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What is to be understood by 'rational legal argument'? To what extent can legal reasoning be rational? Is the demand for rationality in legal affairs justified? And what are the criteria of rationality in legal reasoning? The answer to these questions is not only of interest to legal theorists and philosophers of law.
They are pressing issues for practising lawyers, and a matter of concern for every citizen active in the public arena. Not only the standing of academic law as a scientific discipline, but also the legitimacy of judicial decisions depends on the possibility of rational legal argumentation.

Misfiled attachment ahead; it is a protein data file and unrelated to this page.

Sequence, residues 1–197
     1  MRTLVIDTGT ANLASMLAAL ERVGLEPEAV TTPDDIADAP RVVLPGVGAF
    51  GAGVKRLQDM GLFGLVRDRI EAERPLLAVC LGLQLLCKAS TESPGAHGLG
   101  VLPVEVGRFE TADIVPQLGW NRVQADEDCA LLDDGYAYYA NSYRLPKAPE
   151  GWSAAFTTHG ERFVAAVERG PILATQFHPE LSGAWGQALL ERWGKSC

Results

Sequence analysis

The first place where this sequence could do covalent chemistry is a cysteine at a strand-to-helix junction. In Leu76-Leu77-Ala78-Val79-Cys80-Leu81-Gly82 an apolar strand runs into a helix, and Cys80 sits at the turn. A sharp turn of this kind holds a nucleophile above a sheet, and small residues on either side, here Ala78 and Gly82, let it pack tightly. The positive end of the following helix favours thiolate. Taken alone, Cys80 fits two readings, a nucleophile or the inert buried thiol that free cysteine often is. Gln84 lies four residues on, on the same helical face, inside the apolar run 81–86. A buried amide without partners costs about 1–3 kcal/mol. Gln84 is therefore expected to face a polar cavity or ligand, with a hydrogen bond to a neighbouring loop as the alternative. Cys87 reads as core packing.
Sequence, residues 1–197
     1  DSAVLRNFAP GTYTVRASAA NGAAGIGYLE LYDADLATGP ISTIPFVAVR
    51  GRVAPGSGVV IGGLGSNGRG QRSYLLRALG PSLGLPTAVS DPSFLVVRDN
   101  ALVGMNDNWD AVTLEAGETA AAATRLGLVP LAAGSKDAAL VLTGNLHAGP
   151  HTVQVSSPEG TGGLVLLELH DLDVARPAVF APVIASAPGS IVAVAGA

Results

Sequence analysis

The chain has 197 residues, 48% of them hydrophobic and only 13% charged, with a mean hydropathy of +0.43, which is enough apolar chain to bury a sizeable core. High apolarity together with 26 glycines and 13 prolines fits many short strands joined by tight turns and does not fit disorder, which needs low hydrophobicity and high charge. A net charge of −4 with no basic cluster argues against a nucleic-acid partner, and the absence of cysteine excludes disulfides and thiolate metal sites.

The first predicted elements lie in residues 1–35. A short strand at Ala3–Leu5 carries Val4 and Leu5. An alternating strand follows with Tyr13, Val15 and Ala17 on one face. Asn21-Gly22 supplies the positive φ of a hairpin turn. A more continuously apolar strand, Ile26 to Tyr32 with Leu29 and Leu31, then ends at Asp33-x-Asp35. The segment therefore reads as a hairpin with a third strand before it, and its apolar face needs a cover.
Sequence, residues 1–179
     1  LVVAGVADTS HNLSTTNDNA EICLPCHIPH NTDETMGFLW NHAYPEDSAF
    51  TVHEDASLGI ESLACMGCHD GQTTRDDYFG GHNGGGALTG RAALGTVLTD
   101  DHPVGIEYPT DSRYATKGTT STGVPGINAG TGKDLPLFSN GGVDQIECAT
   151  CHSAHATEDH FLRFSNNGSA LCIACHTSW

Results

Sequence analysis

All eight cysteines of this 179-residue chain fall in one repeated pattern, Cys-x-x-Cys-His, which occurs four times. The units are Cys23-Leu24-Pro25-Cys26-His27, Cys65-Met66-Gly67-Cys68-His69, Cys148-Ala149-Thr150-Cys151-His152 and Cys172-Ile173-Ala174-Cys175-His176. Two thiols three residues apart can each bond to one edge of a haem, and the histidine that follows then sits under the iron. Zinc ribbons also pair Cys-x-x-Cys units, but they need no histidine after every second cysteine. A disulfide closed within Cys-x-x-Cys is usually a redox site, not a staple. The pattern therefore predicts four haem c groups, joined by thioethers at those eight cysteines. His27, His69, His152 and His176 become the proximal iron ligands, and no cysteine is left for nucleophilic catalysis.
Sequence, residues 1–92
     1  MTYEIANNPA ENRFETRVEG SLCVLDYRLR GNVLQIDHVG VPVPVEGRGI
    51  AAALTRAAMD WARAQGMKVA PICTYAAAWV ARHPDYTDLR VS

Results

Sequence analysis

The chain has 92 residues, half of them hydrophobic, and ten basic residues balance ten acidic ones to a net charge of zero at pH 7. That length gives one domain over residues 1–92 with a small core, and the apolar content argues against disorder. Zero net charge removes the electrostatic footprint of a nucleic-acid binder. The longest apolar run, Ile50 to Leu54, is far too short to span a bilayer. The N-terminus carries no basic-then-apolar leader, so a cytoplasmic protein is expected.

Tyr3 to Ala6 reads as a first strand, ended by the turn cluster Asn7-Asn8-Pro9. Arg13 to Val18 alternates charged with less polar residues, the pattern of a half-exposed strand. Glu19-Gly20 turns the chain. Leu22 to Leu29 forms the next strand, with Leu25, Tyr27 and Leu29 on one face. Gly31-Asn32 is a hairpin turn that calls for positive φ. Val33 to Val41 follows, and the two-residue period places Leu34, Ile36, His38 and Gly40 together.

A Theory of Legal Reasoning which tries to answer these questions pre-supposes a theory of general practical reasoning. This theory is the subject matter of the first two parts of the book. The result is a theory of general practical discourse which rests on insights of both Anglo-Saxon and German philosophy. It forms the basis of the theory of rational legal discourse, which is developed in the third part of this book.